PeteP wrote:That it would encourage a silly argument (as if there weren't already many of that) is not in itself an argument I kinda doubt CU will find that convincing since he doesn't accept 1.1 . Also, there are already theists who argue that without God everyone would be evil.
The point isn't that (2) would give rise to a silly argument. The point is that the truth of (2) would make the argument not silly
. For the reason that the argument is silly just is the obvious falsehood of (2). If we suppose that (2) is correct, the only way the argument could be silly is if it were obviously invalid or if (1) were silly. But the argument is valid, and (1) isn't silly: it's common sense. So if the argument is
silly, we shouldn't want to flock to (2) as an obvious truth, in need of no justification, as CU keeps insisting.
CorruptUser wrote:Most religions' moral systems are a subset of Moral Absolutism. And since they all contradict each other, the vast majority of religions must be wrong. If one was the 'true' religion, evidence for that being correct would be identical religions popping up independently. This has not happened, so there is no substantial evidence that any particular religion is correct.
This is invalid. First, from the fact that E would be evidence for P it does not follow that the absence of E would be evidence against P. For example, seeing Barack Obama in person would provide good evidence that Barack Obama is alive. However, the fact that I have not seen Obama in person is not evidence that Obama is not alive.
Second, in the specific case of convergence of knowledge, it's not true that people have to generally or independently come to a conclusion in order for that conclusion to be true, or in order for it to be a justified belief for some. There are many facts, including some obvious facts, that many people nevertheless disagree about: the fact that God doesn't exist, or the fact that there is no such thing as ESP, or the fact that Lee Harvey Oswald assassinated JFK.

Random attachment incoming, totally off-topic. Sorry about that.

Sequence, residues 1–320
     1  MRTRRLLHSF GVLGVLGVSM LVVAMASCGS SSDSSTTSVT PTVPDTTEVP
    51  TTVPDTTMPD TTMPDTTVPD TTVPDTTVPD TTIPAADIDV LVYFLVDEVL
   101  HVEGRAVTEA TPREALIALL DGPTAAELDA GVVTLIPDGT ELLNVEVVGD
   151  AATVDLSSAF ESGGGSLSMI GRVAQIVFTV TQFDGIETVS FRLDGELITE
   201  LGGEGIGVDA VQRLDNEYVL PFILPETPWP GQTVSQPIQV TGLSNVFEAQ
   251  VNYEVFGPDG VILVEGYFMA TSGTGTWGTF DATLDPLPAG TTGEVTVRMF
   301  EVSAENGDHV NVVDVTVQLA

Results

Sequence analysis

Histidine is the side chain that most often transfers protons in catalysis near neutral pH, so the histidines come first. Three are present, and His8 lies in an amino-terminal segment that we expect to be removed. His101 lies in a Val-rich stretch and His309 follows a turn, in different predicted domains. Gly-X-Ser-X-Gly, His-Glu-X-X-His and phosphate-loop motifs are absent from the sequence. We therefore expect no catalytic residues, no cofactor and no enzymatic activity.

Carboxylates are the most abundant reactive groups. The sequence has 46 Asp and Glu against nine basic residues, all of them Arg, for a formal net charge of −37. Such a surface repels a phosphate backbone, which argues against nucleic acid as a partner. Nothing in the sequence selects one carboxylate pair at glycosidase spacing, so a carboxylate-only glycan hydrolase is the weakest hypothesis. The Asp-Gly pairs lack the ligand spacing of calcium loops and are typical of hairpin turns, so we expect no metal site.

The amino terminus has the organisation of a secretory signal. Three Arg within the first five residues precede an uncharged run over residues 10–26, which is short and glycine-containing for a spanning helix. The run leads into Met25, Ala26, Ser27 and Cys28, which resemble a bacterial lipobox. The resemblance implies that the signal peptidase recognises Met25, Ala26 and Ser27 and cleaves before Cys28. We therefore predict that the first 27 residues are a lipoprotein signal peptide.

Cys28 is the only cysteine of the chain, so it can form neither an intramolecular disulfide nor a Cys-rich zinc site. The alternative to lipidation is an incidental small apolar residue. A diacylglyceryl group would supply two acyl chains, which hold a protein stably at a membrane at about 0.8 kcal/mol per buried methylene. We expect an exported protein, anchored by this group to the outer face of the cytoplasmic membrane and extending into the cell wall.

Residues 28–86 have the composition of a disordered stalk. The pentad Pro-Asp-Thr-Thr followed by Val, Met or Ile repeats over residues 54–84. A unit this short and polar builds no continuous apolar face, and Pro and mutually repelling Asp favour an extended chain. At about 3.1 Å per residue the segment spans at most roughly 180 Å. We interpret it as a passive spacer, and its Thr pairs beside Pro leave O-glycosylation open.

Third, this sort of skeptical argument suffers from its need for specifying which kinds of beliefs count as the same for purposes of seeing whether views have converged. For example, you say that people have not converged on religious beliefs because they have not independently come up with the same religious views, but you probably draw the boundaries of "religion" pretty broadly, including a lot of details like the number and roles of the different gods, the appropriate rituals, and so on. If, on the other hand, you just asked about belief in at least one deity, or belief in some sort of supernatural power, you would find many, many cases of independent, converging beliefs. Conversely, if you clump atheism as one belief, you will find atheism popping up independently in a lot of places. But if, on the other hand, you clump atheism with a whole bunch of moral beliefs and maybe some scientific beliefs as well, you won't find very much independent convergence. Perhaps you could get around this if you had some way of deciding what to split and what to lump, and good reason for thinking that this way of splitting and lumping is a good way to find the truth, but something tells me that you don't.
The point, of course, isn't that belief in God or in any religion is supported by the evidence, but rather that we have to examine the evidence more directly, instead of asking vague questions about which sort of beliefs have converged.
Finally, it's not obvious to me that the beliefs for which we have the best evidence arose independently. Taking the theory of relativity, for example, that view arose in a particular scientific community and got its support from evidence gathered by that community. To my knowledge, nobody without access to Western science worked out the theory of relativity on her own, and nobody thinks that shows that the theory of relativity is just something our society constructed.
CorruptUser wrote:The way a moral system is built via philosophy is by declaring your axioms and goals as a society, and determining what actions lead to that goal.
I would like to call attention to two things here:
- This is false.
- This is an empirical claim, and it can be confirmed or disconfirmed by looking at the contents of the actual work of philosophers. This is no longer your wild pet theories about what counts as evidence for morality: this is something you can check by going out and looking at the observable world. And yet, even for a straightforward claim like this, you haven't tried to provide any sort of evidence or source for it. Why not? Do you have any basis for this claim at all?